The Riedel family has never stamped its name on a single bottle of wine. But over the past 50 years, this Austrian clan of master glassmakers has done more to enhance the oenophile's pleasure than almost any winemaking dynasty. The Riedel revolution began in the 1960s, when the firm created the world's first line of wine glasses shaped specifically for different grape varieties. Now Riedel has designed a new set of lead-crystal decanters inspired by the bird life of Murano, the Venetian island famed for its glassware. The three decanters boast an avian grace: the Swan's swooping body, the Flamingo's long slender neck and the Paloma's dove-like curves. And as with any Riedel product, they are masterpieces of function as well as form. Exposing wine to oxygen for a few hours before pouring can improve its taste (thanks to a chemical reaction known as aeration), so each of the $480 decanters has been shaped to maximize a wine's contact with the air as you empty the bottle into it.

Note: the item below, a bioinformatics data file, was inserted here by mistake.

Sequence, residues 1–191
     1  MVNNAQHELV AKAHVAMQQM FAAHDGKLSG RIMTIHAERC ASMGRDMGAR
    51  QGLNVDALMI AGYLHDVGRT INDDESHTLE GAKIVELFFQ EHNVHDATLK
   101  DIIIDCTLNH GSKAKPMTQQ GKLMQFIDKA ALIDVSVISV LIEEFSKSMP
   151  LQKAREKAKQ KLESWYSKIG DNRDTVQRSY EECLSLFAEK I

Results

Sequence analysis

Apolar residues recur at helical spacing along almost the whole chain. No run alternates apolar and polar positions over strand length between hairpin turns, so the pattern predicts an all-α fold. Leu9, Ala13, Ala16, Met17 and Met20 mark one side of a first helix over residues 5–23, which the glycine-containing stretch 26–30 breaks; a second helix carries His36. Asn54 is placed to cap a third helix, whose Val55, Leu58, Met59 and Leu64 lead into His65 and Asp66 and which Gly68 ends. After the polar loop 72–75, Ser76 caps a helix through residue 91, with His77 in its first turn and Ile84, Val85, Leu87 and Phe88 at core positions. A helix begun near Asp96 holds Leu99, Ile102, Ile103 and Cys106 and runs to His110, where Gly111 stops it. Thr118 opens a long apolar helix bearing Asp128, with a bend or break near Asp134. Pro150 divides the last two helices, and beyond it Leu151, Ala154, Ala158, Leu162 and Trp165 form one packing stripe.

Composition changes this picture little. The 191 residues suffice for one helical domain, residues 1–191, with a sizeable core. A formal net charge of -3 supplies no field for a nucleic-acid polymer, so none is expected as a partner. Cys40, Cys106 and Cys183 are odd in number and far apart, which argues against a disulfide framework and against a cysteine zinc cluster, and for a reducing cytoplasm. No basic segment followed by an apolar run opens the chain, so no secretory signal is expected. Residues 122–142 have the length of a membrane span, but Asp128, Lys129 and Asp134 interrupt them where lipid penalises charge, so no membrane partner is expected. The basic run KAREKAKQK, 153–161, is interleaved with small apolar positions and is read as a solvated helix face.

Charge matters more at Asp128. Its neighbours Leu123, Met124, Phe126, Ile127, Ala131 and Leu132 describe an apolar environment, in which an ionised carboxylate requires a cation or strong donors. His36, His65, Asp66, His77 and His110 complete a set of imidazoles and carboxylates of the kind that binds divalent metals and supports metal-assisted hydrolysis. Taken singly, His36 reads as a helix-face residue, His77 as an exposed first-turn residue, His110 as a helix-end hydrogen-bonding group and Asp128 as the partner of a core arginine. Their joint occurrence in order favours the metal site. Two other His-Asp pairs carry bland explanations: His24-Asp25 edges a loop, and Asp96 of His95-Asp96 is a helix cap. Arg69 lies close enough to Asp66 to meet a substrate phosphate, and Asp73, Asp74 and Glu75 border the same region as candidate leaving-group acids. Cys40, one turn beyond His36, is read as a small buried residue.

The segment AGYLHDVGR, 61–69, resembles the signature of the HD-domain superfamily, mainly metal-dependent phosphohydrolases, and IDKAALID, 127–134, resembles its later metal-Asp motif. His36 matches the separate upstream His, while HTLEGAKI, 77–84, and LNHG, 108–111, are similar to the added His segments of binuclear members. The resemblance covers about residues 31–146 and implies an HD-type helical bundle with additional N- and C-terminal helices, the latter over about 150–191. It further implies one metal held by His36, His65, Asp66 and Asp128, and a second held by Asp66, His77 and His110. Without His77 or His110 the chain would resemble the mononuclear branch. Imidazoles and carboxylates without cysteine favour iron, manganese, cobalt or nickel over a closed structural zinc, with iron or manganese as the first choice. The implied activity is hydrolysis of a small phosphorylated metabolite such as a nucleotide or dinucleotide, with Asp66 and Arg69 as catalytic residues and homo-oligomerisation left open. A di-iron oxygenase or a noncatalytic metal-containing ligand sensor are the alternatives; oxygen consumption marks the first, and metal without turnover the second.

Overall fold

Although the decanters might look unwieldy the Swan and Flamingo stand two feet (0.6 m) tall they are perfectly balanced to prevent spillage. So you won't lose a drop when you're filling your dinner guests' glasses. www.riedel.com